Do you enjoy wet and wild fun at the beach? Of course you do! Who doesn't? Whether it's surfing the waves or paddling a canoe, the open water is a great place for family fun.
You might hear it called other things from time to time. Some people shorten stand up paddle surfing to SUP surfing. Others simply call it paddle surfing, stand up paddle boarding, beach boy surfing or even Hoe he'e nalu in the Hawaiian language!
Speaking of the Hawaiian Islands, that's where paddle surfing got its start back in the early 1960s. Surfers looking for the biggest and best waves to surf needed to get a long ways out into the water. So what did they do?
Instead of paddling all that way while lying flat on their long boards, they instead used long outrigger paddles and stood on their long boards to paddle out past the reefs in search of those monster waves. Even though it got its start with surfers, paddle surfing has become a popular pastime all over the country, even in calm lakes and smaller rivers.
Compared to regular surfing, paddle surfing is much easier to learn. Using paddles gives beginners a better sense of balance and more control over their movement in the water. Many beginners feel comfortable on their board in the water in as little as one hour.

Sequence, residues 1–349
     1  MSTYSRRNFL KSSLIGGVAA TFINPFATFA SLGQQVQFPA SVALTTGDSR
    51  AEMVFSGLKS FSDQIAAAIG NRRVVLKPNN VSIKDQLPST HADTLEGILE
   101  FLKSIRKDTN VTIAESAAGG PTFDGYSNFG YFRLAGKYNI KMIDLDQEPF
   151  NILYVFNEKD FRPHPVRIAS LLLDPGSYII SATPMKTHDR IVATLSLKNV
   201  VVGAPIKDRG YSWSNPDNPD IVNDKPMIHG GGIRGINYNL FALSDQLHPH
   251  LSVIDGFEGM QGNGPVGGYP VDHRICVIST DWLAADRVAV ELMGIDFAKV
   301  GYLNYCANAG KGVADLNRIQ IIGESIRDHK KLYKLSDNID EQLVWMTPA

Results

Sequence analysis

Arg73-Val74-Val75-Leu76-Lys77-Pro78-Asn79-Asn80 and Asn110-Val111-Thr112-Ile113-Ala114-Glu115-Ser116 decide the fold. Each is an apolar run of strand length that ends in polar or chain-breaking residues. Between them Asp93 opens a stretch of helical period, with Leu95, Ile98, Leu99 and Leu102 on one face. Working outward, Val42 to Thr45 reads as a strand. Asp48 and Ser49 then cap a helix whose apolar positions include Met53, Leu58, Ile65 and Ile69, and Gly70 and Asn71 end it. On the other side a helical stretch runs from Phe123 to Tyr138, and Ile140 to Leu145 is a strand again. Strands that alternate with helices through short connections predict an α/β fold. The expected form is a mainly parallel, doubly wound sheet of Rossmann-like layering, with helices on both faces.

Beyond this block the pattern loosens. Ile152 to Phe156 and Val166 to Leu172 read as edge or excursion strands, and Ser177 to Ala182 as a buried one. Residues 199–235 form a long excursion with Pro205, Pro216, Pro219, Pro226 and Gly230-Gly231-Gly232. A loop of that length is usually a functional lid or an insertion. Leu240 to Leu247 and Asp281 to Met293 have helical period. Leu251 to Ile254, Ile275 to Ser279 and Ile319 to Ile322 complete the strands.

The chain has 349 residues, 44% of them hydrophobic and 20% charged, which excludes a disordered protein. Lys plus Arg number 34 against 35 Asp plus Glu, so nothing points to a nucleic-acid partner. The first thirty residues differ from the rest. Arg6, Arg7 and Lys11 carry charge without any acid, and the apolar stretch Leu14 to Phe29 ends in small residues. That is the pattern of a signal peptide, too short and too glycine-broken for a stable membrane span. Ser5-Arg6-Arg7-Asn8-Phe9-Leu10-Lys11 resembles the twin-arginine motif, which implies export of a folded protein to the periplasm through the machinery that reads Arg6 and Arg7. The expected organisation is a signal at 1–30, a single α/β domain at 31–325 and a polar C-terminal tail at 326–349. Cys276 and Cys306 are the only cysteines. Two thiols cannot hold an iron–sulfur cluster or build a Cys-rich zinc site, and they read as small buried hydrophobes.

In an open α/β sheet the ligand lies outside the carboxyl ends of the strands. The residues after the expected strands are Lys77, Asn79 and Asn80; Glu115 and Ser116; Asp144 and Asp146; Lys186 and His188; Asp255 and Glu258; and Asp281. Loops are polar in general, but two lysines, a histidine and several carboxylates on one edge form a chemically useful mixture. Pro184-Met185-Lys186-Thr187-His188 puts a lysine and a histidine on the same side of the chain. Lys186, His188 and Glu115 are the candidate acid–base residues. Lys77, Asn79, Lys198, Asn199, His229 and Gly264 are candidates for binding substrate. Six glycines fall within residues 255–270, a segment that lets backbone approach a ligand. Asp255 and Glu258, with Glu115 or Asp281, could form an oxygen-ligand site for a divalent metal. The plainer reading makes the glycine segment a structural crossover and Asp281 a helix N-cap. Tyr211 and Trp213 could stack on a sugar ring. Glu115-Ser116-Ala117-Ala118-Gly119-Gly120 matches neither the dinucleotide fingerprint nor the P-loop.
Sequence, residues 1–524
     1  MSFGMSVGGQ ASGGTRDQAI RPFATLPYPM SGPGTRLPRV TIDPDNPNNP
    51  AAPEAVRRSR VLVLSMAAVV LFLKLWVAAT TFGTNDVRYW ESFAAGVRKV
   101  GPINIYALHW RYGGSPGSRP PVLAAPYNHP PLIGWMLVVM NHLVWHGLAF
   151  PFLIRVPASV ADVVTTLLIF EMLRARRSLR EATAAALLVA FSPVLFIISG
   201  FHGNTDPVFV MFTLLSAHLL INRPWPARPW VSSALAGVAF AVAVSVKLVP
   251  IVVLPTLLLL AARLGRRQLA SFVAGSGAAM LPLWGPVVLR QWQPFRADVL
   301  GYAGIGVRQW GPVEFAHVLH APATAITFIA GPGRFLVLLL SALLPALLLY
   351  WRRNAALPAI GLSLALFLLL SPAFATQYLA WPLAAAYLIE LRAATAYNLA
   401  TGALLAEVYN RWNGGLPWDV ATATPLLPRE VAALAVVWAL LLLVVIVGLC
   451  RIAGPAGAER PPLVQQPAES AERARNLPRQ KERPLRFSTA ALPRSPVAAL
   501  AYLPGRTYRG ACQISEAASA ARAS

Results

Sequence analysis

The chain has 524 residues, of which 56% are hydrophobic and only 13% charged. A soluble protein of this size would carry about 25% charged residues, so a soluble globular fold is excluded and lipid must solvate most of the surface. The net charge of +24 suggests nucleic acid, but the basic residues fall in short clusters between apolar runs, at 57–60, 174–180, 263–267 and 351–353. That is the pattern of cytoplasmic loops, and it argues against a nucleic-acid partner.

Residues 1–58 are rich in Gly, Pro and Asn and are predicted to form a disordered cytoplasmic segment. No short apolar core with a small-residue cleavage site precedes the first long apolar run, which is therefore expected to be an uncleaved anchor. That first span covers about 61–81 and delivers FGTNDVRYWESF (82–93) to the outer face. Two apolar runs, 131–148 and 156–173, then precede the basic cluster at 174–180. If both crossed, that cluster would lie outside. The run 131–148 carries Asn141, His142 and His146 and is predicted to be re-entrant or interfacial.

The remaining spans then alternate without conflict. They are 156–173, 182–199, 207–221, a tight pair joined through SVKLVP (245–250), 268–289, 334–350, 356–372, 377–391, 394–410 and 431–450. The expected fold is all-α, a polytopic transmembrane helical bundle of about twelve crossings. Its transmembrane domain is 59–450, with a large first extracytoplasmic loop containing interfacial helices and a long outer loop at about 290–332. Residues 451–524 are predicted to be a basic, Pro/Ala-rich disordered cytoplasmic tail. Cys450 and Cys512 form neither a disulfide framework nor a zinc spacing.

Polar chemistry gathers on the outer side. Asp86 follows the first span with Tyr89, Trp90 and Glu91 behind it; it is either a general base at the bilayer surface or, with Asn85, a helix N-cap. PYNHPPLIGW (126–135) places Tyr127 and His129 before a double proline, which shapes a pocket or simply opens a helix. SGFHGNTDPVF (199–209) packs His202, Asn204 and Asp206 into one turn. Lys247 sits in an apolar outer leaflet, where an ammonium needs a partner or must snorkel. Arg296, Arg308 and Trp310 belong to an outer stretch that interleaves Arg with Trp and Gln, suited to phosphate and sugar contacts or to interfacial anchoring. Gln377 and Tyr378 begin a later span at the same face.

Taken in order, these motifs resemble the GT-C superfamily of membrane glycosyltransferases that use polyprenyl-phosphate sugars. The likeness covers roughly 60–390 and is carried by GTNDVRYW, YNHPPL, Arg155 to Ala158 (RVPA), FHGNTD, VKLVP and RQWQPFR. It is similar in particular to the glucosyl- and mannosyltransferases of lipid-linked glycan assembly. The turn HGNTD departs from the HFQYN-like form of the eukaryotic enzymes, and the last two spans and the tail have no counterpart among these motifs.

Paddle surfing also gives you a good workout, as your core abdominal and back muscles get tested as you paddle and try to keep your balance! Surfers enjoy paddle surfing because they usually find they can catch more and bigger waves.
If you don't live near the ocean, you can still try paddle surfing on a lake or a river. Many boating enthusiasts have taken up paddle surfing because of the challenge it provides when you paddle surf through an area with rapids or other obstacles.
If you want to give paddle surfing a try, you can use a regular surfboard and any type of paddle. However, the sport has gained popularity to the point where custom paddle surfing equipment is available. Special stand up paddles should usually be five to seven inches longer than a rider's height.